Women gather for Sunderland ‘breast is best’ event

Mums and babies at the Big Latch Event, held to promote breastfeeding at Penshaw Hill, Sunderland.
Mums and babies at the Big Latch Event, held to promote breastfeeding at Penshaw Hill, Sunderland.
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SUNDERLAND mums joined others across the globe to promote the idea that “breast is best” at an event in the shadow of Penshaw Monument.

About 50 members of the Bosom Buddies parent support groups, established in children’s centres across the city, gathered at the landmark to take part in the World Big Latch On.

Last year a record of 8,862 mums took part, feeding their babies at exactly 10.30am in their respective times zones across the globe.

This year that record was beaten with a number of 14,536.

The international campaign, which aims to promote the proven health, nutritional and psychological benefits of breastfeeding, was launched in 2005 by Women’s Health Action in New Zealand to demonstrate global support for breastfeeding in public. Wearside has one of the lowest rates of breastfeeding in the country, with just over a quarter of new mums feeding their child using their breasts at six weeks of age.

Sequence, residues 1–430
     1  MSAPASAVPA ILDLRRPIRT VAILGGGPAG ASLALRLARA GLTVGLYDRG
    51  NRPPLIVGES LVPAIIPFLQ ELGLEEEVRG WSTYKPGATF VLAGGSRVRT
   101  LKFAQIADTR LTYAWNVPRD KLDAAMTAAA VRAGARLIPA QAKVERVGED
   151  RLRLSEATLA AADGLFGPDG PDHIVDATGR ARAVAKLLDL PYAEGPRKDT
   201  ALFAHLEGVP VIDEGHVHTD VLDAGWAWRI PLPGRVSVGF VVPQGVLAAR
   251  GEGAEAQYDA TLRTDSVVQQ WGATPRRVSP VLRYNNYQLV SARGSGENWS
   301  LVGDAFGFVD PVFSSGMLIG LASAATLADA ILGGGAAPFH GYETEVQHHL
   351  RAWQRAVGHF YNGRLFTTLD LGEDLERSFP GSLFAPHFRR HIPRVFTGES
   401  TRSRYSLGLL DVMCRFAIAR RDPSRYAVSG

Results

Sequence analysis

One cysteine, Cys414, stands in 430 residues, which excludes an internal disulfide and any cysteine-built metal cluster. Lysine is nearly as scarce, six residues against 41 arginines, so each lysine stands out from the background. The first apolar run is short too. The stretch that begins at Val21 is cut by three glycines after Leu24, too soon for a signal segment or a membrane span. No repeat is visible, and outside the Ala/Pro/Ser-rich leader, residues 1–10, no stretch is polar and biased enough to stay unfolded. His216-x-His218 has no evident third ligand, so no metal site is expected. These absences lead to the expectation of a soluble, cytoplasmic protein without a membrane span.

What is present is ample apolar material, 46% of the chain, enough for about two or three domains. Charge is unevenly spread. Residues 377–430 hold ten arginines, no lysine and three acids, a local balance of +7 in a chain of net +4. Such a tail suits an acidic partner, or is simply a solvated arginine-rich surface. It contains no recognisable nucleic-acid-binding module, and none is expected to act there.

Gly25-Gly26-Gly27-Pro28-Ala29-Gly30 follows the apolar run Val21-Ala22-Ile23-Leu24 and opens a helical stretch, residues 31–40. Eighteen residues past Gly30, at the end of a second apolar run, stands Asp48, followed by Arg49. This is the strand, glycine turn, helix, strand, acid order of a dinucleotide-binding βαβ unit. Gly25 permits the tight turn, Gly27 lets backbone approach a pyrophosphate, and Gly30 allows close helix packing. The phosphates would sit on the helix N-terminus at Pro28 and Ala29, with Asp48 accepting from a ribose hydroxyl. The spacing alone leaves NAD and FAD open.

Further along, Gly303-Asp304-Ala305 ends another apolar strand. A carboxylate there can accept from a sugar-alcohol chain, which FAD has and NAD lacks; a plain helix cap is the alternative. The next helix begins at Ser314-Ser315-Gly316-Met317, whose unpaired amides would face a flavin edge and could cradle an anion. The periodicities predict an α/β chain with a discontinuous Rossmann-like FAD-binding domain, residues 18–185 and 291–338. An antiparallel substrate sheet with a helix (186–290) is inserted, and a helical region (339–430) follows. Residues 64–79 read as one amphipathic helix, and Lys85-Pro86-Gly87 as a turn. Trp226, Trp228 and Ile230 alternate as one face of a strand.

Portfolio holder for public health at Sunderland City Council, Councillor John Kelly said: “We hope this event has helped to raise awareness of the many benefits breastfeeding can bring to both mother and baby.

“It’s proven not only to reduce the risk of illnesses including many cancers, but also to increase the bonding process.

“Our city has one of the lowest breastfeeding rates in the country with 27 per cent at six weeks last year.

“We’re working hard with our health partners and through the Children’s Centres to encourage and support more mothers to begin breastfeeding, and we hope these figures will increase over time.”

The Big Latch On saw women gather at locations around the world at a set time and feed their child for a minute, with the number in the group counted by a witness to verify it had beaten last year’s total.

The event’s aim is to identify and increase chances to provide ongoing support and pass on knowledge to mums, show how communities can back breastfeeding in public place, how it can be part of normal day-to-day life, encourage partners and others to be supportive and give people the resources they need to help women.